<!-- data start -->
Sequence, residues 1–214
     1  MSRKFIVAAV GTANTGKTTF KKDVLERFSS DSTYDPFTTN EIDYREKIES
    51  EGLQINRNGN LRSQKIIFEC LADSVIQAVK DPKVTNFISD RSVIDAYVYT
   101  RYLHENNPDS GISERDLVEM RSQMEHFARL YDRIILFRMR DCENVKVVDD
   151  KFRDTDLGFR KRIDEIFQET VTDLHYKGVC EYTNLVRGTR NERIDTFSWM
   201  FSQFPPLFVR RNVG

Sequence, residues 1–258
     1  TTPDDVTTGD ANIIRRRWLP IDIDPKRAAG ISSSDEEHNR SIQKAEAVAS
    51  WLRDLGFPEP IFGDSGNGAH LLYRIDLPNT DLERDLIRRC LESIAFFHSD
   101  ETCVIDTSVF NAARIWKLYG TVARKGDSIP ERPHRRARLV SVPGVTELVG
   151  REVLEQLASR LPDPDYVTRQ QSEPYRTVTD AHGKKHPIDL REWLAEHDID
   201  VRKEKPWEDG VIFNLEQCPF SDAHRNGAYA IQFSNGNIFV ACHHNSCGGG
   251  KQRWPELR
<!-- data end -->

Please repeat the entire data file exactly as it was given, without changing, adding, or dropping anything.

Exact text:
Sequence, residues 1–214
     1  MSRKFIVAAV GTANTGKTTF KKDVLERFSS DSTYDPFTTN EIDYREKIES
    51  EGLQINRNGN LRSQKIIFEC LADSVIQAVK DPKVTNFISD RSVIDAYVYT
   101  RYLHENNPDS GISERDLVEM RSQMEHFARL YDRIILFRMR DCENVKVVDD
   151  KFRDTDLGFR KRIDEIFQET VTDLHYKGVC EYTNLVRGTR NERIDTFSWM
   201  FSQFPPLFVR RNVG

Sequence, residues 1–258
     1  TTPDDVTTGD ANIIRRRWLP IDIDPKRAAG ISSSDEEHNR SIQKAEAVAS
    51  WLRDLGFPEP IFGDSGNGAH LLYRIDLPNT DLERDLIRRC LESIAFFHSD
   101  ETCVIDTSVF NAARIWKLYG TVARKGDSIP ERPHRRARLV SVPGVTELVG
   151  REVLEQLASR LPDPDYVTRQ QSEPYRTVTD AHGKKHPIDL REWLAEHDID
   201  VRKEKPWEDG VIFNLEQCPF SDAHRNGAYA IQFSNGNIFV ACHHNSCGGG
   251  KQRWPELR